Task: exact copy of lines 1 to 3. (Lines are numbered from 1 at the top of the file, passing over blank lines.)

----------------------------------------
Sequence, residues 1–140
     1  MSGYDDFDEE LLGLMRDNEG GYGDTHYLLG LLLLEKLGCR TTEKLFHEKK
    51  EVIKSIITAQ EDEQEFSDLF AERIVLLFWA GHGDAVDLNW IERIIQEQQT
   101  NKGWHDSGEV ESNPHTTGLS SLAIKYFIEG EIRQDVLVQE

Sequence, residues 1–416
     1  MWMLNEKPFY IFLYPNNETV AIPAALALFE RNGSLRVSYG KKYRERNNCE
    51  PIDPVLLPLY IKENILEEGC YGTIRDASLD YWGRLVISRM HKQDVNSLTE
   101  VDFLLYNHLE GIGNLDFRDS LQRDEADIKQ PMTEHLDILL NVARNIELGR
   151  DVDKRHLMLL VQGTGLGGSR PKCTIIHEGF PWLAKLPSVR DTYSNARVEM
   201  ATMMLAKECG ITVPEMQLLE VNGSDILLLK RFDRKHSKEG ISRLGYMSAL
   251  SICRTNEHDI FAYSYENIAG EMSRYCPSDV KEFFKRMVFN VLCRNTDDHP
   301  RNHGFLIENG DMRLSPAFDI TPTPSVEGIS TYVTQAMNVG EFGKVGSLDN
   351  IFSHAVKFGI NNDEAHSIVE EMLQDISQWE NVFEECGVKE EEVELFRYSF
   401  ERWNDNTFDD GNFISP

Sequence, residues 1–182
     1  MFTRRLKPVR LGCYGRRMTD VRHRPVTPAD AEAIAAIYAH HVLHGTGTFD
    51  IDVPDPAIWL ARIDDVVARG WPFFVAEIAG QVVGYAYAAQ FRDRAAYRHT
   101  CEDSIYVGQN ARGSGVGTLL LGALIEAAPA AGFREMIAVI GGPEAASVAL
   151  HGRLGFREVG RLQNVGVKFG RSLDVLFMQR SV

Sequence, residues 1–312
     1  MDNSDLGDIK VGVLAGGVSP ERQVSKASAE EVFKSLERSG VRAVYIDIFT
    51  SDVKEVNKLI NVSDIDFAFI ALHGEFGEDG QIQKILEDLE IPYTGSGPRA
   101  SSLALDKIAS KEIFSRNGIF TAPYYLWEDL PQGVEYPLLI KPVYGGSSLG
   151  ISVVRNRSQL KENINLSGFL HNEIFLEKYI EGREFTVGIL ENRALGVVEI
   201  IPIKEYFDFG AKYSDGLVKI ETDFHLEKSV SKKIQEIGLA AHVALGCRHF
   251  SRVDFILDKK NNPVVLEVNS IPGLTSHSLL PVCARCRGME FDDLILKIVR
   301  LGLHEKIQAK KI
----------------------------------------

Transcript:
Sequence, residues 1–140
     1  MSGYDDFDEE LLGLMRDNEG GYGDTHYLLG LLLLEKLGCR TTEKLFHEKK
    51  EVIKSIITAQ EDEQEFSDLF AERIVLLFWA GHGDAVDLNW IERIIQEQQT